Specific issues addressed by the panellists included long processing time and high rejection rates in African visa posts, the number of refugees and immigrants that come from Africa and the number of visa posts in sub-Saharan Africa. They also emphasized the challenges and problems in settlement of refugees and immigrants from Africa and the systematic racism exercised in African visa posts. The Canadian government response to African refugees’ problems was also raised.
Participants recommended the following: challenging systematic racism against African refugee claimants and immigrants; African caucus to prepare one workshop at each CCR Consultation; for families there should be an assessment of the principal applicant as well as dependants.
Gilbert Iyamuremye, Roman Catholic Diocese of London, Windsor
Martin Mark, Catholic Cross Cultural Services, Toronto
Moderator: Said Nixon Bangura
Security certificates: the future
In February the Supreme Court of Canada ruled that aspects of the security certificate procedure violate the Charter. The Court suspended the declaration of unconstitutionality for one year to give Parliament a chance to amend the law. Participants at this workshop learned more about the Court’s decision, which found that the use of “secret evidence” violated Charter rights to life, liberty and security of the person, in a manner that cannot be justified in a free and democratic society. The workshop then reviewed what is known about next steps, including the likelihood that the government will introduce legislation to amend the security certificate process. A draft of a position paper for the CCR was presented for comment. [The paper has since been finalized and is available at http://www.ccrweb.ca/documents/Certificates07.pdf]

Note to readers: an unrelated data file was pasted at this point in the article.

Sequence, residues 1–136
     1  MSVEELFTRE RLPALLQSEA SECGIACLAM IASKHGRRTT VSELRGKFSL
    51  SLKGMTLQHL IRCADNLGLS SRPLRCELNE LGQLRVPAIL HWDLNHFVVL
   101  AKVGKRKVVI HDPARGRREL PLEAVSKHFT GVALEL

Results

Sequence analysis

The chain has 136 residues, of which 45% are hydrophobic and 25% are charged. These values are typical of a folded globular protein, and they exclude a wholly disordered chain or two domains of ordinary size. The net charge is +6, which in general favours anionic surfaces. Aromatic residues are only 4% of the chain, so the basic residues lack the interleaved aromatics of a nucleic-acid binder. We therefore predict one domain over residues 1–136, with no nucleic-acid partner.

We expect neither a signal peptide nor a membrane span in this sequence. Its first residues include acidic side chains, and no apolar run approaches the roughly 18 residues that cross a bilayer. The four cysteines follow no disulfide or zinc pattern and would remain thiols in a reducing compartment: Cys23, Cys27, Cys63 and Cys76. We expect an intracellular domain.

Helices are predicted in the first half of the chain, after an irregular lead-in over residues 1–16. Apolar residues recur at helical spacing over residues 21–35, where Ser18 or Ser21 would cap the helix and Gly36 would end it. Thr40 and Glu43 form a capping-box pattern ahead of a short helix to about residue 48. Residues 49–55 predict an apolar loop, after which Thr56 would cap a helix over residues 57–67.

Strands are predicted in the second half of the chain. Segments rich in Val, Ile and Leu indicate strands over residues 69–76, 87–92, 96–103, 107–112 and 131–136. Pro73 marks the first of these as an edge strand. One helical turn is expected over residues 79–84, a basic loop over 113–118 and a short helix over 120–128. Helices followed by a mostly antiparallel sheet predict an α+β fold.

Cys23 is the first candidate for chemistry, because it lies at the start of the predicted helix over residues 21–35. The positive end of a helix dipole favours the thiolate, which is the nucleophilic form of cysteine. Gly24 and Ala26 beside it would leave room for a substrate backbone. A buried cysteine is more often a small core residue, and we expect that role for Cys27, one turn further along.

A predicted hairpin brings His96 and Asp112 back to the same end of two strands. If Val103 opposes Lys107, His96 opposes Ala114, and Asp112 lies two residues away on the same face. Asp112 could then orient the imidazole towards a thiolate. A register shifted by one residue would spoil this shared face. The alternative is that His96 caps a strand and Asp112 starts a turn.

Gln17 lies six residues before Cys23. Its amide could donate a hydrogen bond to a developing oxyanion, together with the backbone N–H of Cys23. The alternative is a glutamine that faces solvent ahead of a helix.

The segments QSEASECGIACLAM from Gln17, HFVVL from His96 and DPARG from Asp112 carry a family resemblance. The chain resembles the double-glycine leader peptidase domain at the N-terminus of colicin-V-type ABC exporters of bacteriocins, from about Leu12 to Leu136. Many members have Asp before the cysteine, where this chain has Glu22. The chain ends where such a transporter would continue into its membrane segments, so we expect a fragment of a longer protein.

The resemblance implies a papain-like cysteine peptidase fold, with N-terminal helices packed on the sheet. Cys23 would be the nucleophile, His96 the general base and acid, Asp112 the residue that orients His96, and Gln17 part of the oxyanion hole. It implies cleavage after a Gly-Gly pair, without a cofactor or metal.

Janet Dench, CCR Executive Director
Moderator: Rick Goldman
Racialization of Poverty and Barriers to Labour Market Integration
Recent research and reports show that race and immigration status are playing an increasing role in pushing newcomers down to the lowest levels of participation in Canada’s labour market and into poverty. Racialized newcomer women are particularly affected by this trend. How is Canada doing when it comes to its internal and international commitments to counter racism and gender based discrimination? What should Canada be doing in this area given the rapid demographic changes it is undergoing?
This workshop offered regionally grounded (Quebec, Ontario, Alberta) as well as general, pan-Canadian perspectives on the issues of racialization of poverty and barriers to labour market integration. Particular attention was paid to the combined effect of gender and race on newcomers’ situation, with a detailed analysis of racialized newcomer women outcomes in areas such as employment commensurate with skills, salary, ability to retain employment, etc. Speakers offered a wide range of levels of analysis, from municipal, to provincial and federal policy responsibilities to concrete, day-to-day frontline work issues. Workshop participants contributed to the content of the activity by offering further analysis around issues of refugee claimants and people without status, as well as concerns around underemployment, precarious employment and lack of benefits and labour protections.